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Shifts in the diet of Lake Ontario alewife in response to ecosystem change

Journal of Great Lakes Research

By:
, , and
DOI: 10.1016/j.jglr.2008.12.010

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Abstract

In the 1990s, the Lake Ontario ecosystem was dramatically altered due to continued invasions of exotic species including dreissenid mussels and predatory cladocerans. We describe the diet and biomass of prey in the stomachs of adult (≥ 109 mm TL) and sub-adult (< 109 mm TL) alewife (Alosa pseudoharengus) in 2004 and 2005 across seasons and depths and compare our results to data from 1972 to 1988. During 2004 and 2005, adult alewife consumed primarily zooplankton prey at bottom depth zones < 70 m and primarily Mysis at bottom depth zones > 70 m. Mysis dominated the diets of adult alewife in all seasons except during the summer of 2004 when zooplankton dominated. Mysis dominated the diets of sub-adult alewife during early and late spring and zooplankton dominated the diets in summer and fall. Bythotrephes and Cercopagis were observed in the diets of both sub-adult and adult alewife. Diporeia was observed only rarely in adult alewife diets. The biomass of prey in alewife stomachs varied seasonally and increased with bottom depth for adult alewife. Alewife diets in 2004–2005 differed from those in 1972 and 1988 with an increase in the prevalence of Mysis, and a decline in the prevalence of zooplankton. The biomass of prey in adult alewife stomachs declined in 2004 and 2005 compared to 1972 and 1988, at bottom depth zones < 70 m but not at bottom depth zones > 70 m suggesting reduced food availability closer to shore. We hypothesize that consumption levels at the shallower depth zones, as indicated by very low biomass of prey in alewife stomachs, may not be sufficient to sustain alewife growth. The increased prevalence of Mysis and common occurrence of predatory cladocerans in the diet of alewife means that alewife have shifted to a higher trophic position.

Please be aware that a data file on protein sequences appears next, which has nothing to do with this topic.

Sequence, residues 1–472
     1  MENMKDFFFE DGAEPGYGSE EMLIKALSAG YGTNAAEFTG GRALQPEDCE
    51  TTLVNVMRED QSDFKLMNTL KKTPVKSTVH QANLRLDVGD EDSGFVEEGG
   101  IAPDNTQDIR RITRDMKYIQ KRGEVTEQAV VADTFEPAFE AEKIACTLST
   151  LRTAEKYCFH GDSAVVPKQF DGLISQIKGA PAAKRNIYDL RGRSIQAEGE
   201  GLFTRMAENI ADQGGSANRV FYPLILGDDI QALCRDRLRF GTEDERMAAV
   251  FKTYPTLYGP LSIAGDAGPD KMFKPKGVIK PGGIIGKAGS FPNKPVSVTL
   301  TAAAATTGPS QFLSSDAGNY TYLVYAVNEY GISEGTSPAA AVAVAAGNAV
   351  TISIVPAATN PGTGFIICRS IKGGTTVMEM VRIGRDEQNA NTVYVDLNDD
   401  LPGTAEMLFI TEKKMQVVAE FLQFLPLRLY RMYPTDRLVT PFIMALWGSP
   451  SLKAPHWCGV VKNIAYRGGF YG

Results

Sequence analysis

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Additional Publication Details

Publication type:
Article
Publication Subtype:
Journal Article
Title:
Shifts in the diet of Lake Ontario alewife in response to ecosystem change
Series title:
Journal of Great Lakes Research
DOI:
10.1016/j.jglr.2008.12.010
Volume
35
Issue:
2
Year Published:
2009
Language:
English
Publisher:
Elsevier
Publisher location:
Amsterdam, Netherlands
Contributing office(s):
Great Lakes Science Center
Description:
9 p.
Larger Work Type:
Article
Larger Work Subtype:
Journal Article
Larger Work Title:
Journal of Great Lakes Research
First page:
241
Last page:
249
Other Geospatial:
Lake Ontario